Public Citizen | 10 December 2019
Redo of USMCA better than original NAFTA after yearlong effort to improve Trump’s 2018 deal
Note: Today, the administration and U.S. House Democrats announced they had reached an agreement on a redo of the U.S.-Mexico-Canada Agreement (USMCA) that Donald Trump signed last year. Lori Wallach, director of Public Citizen’s Global Trade Watch, issued the following preliminary statement about the revised revised North American Free Trade Agreement (NAFTA)
Thanks to congressional Democrats, unions and consumer groups fighting to remove Big Pharma giveaways and improve labor and environmental terms, the redo of Trump’s 2018 NAFTA 2.0 is better than the original NAFTA and could improve peoples’ lives, although it still includes problematic terms.
Trump failed to fix NAFTA with the deal he signed last year, betraying his promise to working people. It included new Big Pharma giveaways that lock in high drug prices and labor and environmental terms that were too weak to stop NAFTA’s original sin of job outsourcing.
Working people are the winners in the yearlong battle to force Trump to fix his NAFTA 2.0: The changes Trump was forced to make mean the final deal could counter some of NAFTA’s ongoing damage to working people and the environment. Although many NAFTA flaws were not fixed, the alternative is status quo NAFTA, not a more improved deal.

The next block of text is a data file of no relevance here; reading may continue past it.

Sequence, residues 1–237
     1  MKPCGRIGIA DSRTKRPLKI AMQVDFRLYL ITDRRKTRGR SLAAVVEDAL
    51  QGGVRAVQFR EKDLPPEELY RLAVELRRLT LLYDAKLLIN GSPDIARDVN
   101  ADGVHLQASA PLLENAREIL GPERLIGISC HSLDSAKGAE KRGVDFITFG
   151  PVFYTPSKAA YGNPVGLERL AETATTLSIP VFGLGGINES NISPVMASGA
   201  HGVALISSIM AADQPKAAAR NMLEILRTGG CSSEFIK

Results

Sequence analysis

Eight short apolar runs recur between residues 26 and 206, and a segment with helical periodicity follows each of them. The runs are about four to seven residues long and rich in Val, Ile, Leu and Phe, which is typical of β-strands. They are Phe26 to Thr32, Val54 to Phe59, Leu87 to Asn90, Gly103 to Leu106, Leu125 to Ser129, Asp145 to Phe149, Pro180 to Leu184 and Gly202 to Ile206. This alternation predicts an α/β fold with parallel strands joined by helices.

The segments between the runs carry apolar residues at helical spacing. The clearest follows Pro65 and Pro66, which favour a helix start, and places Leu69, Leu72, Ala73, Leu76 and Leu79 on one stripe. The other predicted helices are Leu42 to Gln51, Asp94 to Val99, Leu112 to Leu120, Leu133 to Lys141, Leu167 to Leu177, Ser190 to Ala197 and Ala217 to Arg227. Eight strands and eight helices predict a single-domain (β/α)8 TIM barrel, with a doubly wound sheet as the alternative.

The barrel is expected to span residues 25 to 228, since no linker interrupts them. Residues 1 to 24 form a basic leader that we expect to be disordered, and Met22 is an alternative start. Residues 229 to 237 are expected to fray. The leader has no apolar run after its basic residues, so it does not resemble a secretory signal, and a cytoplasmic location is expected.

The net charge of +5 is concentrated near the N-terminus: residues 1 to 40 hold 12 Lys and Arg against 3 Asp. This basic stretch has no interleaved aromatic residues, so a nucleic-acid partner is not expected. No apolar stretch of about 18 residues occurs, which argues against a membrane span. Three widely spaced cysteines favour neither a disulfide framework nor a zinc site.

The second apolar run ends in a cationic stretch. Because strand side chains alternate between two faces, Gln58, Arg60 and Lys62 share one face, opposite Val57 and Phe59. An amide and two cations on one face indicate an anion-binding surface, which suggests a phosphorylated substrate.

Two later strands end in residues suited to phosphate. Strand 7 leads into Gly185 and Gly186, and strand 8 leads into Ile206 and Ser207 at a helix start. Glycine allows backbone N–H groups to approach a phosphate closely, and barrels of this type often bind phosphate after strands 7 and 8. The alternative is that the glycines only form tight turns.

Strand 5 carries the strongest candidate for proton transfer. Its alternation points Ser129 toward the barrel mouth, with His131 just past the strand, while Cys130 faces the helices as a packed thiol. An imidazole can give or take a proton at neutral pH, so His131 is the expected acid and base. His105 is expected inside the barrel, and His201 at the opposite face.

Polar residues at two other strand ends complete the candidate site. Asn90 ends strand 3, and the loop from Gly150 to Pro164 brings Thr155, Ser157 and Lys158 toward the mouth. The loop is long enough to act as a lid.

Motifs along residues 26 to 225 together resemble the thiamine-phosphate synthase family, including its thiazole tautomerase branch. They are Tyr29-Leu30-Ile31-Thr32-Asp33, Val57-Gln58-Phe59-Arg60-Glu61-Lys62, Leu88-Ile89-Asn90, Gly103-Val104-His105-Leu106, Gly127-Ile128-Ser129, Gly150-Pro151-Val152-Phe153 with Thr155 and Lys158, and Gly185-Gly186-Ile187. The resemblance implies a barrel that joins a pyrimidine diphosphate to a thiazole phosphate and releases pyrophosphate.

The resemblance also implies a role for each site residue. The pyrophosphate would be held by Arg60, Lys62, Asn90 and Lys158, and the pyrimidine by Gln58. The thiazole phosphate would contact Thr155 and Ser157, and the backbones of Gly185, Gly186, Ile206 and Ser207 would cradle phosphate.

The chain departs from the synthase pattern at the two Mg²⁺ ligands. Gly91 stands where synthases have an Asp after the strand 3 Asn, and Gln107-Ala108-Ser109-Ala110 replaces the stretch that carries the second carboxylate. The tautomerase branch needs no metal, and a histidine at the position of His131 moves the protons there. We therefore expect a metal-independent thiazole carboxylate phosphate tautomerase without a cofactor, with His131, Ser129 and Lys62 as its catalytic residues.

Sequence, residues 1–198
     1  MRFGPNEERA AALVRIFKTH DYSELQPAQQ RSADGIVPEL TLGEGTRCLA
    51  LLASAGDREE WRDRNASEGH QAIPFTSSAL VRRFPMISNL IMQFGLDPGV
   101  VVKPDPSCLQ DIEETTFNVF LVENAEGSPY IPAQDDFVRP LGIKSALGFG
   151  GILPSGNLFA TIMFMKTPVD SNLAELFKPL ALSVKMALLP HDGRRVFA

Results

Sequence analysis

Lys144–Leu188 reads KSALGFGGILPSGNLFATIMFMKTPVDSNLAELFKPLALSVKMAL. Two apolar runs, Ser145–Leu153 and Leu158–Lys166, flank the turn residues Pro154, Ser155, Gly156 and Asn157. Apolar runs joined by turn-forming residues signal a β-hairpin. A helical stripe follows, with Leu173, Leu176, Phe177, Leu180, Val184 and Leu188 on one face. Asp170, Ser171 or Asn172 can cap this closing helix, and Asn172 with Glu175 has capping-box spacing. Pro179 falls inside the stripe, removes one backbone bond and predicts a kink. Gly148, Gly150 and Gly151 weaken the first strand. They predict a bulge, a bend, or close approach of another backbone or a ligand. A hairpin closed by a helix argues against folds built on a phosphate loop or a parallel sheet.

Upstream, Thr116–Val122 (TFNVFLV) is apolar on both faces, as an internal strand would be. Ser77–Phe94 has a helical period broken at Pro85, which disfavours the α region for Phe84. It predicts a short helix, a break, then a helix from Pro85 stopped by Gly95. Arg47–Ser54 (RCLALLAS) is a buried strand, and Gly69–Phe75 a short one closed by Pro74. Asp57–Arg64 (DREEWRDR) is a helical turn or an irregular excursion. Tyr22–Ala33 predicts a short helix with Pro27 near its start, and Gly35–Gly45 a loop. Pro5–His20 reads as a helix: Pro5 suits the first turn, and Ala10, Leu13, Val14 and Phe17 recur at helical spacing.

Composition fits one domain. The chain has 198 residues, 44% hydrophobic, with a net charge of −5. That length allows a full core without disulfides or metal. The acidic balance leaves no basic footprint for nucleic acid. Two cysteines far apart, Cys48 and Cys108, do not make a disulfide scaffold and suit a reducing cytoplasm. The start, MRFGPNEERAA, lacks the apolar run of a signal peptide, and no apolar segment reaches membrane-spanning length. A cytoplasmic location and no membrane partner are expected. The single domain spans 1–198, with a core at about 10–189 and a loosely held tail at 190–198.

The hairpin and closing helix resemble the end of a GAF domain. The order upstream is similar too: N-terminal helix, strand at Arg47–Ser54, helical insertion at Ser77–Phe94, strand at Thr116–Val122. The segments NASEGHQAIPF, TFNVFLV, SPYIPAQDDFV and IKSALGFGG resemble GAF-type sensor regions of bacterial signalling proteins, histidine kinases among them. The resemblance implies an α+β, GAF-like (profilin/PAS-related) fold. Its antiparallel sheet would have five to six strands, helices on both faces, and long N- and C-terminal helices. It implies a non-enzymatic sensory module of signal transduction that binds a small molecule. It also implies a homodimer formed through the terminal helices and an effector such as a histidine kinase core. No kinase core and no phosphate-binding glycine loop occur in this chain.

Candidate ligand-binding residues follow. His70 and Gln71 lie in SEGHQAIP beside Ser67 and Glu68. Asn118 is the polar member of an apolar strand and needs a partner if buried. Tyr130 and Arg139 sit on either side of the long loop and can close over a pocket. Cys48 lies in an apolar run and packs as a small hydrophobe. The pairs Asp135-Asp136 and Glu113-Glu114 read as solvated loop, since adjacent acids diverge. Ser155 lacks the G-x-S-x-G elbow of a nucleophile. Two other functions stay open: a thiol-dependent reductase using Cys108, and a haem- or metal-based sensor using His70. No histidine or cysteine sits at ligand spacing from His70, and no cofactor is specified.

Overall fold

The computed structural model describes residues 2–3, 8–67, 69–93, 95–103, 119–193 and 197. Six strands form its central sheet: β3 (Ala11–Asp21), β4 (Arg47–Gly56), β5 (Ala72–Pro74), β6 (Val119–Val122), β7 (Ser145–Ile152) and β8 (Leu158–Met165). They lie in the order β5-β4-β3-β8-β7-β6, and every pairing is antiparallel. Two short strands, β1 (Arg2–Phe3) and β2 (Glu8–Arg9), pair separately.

The best feature of the new NAFTA is the gutting of Investor-State Dispute Settlement (ISDS). Using this regime, corporations have extracted almost $400 million from North American taxpayers after attacks on environmental and health policies before tribunals of three corporate lawyers. That a U.S. pact largely eliminates extreme ISDS protections for foreign investors and anti-democratic tribunals sends a signal worldwide about the illegitimacy of the ISDS regime.
Trump’s claim that this new NAFTA will bring back hundreds of thousands of manufacturing jobs is absurd. However, over time, the labor and environmental standards and enhanced enforcement terms may help raise wages in Mexico, and this may also reduce U.S. corporations’ incentives to outsource U.S. jobs to Mexico to pay workers less.
Today’s deal shows that to be politically viable, trade pacts can no longer include extreme corporate rights like ISDS or new monopoly protections for Big Pharma that have been featured in past U.S. trade deals and that they must have enforceable labor and environmental standards. This is a significant shift after decades of U.S. trade pacts expanding corporate rights and Big Pharma monopoly protections.
Fixing the existing, damaging NAFTA is not the same as negotiating a truly progressive trade agreement from scratch, which would additionally require climate provisions, truly enforceable currency disciplines, and the elimination of limits on consumer protections for food, product safety, the service sector and online platforms. The new NAFTA is not the template for future agreements, but establishes the floor from which we will continue to advocate for a new model of trade and globalization that puts people and the planet first.